Tag Archives: history

Christmas songs that aren’t

19 Dec

It’s the most wonderful time of the year, when songs from 50-odd years ago get dusted off and Noddy Holder informs us all once again that “It’s Chriiiiiiiiiistmas!” But among these festive hits and Christmas carols, there are some that aren’t actually about Christmas at all. This is mostly because here in the northern hemisphere we associate Christmas with snow and ice and wintry pursuits, even though the chances of it snowing on any given Christmas Day are about as high as Lapwing getting to number one (although they are currently number 13 in the UK iTunes chart, which is respectable). So here are a few songs that you perhaps believed were Christmas songs, but aren’t.

Photo by Julia Freeman-Woolpert from FreeImages

Jingle Bells

What, Jingle Bells not a Christmas song?? But find me any reference to Christmas in the lyrics. Go on, I’ll wait.

The reason you won’t find any is that this is just a song about winter frolics. Yes, it does mention a sleigh, but it’s only now that a sleigh automatically brings Santa Claus to mind. Back in the 1850s, when it was written, a sleigh was a fun way to travel in winter – with a horse, rather than nine reindeer.

Let it Snow!

Again, nothing Christmas-related in the lyrics. This song was written during a heatwave in Los Angeles as a pleasant fantasy of cooler conditions.

Baby it’s Cold Outside

You’re getting the idea now, aren’t you? This mildly creepy song is just about a cold evening, which could be anytime between November and March. It was written for a housewarming party, apparently, and was subsequently used by hosts as a hint to guests that it was time to go.

Walking in a Winter Wonderland

Yes, it mentions sleigh bells, but probably just the kind of sleigh from Jingle Bells, not the reindeer- propelled variety. This is (yet) another in the “it’s not Christmas, it’s just cold” category.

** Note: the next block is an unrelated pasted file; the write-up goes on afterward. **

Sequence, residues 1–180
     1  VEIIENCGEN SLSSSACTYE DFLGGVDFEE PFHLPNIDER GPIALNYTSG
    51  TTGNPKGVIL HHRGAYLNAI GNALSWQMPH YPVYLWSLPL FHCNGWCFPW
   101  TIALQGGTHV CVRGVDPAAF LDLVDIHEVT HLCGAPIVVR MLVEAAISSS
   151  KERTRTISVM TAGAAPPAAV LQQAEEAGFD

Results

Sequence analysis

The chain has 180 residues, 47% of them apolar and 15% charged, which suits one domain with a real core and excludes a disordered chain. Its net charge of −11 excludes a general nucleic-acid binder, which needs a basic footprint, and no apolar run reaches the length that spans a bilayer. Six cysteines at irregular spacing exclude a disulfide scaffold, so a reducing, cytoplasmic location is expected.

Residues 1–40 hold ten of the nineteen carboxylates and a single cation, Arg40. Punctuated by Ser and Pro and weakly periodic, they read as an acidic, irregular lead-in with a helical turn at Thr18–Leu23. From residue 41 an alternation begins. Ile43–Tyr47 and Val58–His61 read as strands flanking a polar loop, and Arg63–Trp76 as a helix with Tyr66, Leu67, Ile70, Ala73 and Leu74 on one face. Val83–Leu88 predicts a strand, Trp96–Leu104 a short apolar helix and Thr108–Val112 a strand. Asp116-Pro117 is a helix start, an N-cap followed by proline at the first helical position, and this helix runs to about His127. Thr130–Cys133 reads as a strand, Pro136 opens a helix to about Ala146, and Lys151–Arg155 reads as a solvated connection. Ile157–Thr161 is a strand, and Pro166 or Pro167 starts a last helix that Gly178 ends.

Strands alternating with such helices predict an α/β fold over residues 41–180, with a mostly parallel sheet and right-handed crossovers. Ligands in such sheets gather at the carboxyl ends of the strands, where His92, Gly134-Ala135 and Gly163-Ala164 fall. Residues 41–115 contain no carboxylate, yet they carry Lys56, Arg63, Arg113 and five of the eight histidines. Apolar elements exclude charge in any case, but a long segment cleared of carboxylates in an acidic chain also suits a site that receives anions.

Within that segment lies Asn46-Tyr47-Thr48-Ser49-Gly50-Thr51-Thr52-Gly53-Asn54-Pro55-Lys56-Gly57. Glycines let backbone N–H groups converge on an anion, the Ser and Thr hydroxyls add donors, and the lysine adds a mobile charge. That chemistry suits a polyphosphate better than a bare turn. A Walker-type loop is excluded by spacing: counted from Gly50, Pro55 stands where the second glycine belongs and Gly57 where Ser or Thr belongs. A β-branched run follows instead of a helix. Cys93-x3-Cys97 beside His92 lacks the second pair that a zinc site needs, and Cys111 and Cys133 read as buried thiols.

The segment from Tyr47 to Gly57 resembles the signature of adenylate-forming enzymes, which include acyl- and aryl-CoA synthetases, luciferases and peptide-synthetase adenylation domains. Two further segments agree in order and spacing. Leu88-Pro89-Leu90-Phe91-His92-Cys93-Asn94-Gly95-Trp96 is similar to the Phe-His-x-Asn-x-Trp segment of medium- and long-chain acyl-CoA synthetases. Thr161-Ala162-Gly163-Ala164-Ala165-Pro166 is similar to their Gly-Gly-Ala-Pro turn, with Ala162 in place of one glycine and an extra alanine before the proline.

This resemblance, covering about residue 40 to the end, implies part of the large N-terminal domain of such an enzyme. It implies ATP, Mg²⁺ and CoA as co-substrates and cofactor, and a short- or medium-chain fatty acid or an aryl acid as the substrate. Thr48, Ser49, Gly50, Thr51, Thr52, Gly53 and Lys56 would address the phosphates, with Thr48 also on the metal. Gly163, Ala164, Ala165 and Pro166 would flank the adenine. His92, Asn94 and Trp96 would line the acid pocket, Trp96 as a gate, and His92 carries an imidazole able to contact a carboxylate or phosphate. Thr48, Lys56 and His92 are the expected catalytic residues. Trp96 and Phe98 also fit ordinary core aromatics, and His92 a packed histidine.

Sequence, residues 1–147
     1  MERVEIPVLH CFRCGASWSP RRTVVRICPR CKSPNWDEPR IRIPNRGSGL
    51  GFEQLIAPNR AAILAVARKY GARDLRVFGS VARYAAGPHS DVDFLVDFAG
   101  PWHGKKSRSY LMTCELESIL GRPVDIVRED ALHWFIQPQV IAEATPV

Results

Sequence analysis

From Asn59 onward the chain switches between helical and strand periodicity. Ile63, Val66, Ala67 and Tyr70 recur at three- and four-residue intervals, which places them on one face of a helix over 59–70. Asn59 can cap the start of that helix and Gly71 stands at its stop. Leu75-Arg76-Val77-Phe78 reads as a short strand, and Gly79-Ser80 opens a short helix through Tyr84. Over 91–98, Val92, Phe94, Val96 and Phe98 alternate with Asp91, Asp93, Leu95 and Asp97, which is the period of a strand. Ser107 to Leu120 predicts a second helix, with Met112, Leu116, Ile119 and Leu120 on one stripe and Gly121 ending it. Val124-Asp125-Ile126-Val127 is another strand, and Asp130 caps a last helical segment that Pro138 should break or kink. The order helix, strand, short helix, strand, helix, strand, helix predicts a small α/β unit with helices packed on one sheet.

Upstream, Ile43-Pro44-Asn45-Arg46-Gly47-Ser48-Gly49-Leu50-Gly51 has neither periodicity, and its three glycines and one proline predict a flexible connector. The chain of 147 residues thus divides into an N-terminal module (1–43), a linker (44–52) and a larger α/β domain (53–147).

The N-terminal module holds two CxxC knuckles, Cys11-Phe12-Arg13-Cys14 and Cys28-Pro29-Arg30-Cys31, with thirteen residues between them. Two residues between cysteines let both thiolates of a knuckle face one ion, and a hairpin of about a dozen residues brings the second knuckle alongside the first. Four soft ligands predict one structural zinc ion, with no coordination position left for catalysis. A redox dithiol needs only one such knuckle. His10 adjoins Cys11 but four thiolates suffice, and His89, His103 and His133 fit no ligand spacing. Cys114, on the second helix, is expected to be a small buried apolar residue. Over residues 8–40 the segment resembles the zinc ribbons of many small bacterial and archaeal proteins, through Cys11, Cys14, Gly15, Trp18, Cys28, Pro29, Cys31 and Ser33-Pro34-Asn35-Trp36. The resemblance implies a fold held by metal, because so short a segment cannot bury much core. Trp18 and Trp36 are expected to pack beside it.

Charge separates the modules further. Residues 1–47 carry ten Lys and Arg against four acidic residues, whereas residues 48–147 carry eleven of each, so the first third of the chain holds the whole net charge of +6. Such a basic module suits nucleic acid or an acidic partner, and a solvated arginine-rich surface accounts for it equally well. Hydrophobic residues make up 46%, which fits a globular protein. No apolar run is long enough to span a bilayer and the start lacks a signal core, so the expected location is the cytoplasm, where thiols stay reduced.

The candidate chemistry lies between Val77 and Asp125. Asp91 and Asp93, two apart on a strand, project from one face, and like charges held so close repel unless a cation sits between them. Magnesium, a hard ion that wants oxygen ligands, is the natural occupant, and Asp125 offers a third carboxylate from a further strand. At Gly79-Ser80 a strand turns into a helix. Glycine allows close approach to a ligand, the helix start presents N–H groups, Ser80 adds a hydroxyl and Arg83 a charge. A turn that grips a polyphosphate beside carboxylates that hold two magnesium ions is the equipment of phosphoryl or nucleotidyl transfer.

Ode to Joy

I’d never thought of this movement of Beethoven’s Ninth Symphony as being Christmassy at all, but apparently many people do – particularly in Japan, for some reason. My brother-in-law referred to it as Christmas music when it appeared in the soundtrack of Die Hard, but conceded that he may consider it Christmassy because it’s in his favourite Christmas-adjacent film*, rather than because there’s anything Christmassy about it in itself.

I considered including When a Child Is Born in this list, but decided against. It’s borderline. It doesn’t mention Christmas, and reading the lyrics the ‘child’ is either every child that is born (most of the verses) or a saviour who has not yet been born (the talky bridge and the last verse) rather than explicitly being the baby Jesus. But it does mention a star and says “this comes to pass”, which is very biblical sounding, so I’ll allow it.

I’d be happy to tell you which are my favourite (actual) Christmas songs. If you would like that in another post, leave a comment to that effect. Mariah Carey doesn’t make it in, I’m afraid.


* Christmas-adjacent because it is not a Christmas film. Yes, it happens at Christmas, there’s the odd Christmas-related quip and some Christmas music, but the events of the film are not contingent upon it being Christmas. John McClane could have been attending his wife’s office shindig in July and things would have panned out just the same.

Robin Hood on the Other Side

20 Nov

I recently had a cross-timezone Skype chat with Mike Huberty, a rock musician who also runs a podcast called See You on the Other Side. The podcast deals with pop culture and the paranormal (fairly interesting, right?) and I was talking to him, naturally enough, about Robin Hood in connection with my new book, Why Everything You Know about Robin Hood Is Wrong.

If you want to listen into to our conversation, and find out my fun facts about Will Scarlett and the dodginess of medieval May Games, you can listen to the podcast on Mike’s site, or on Podbean, or iTunes.

Happy listening!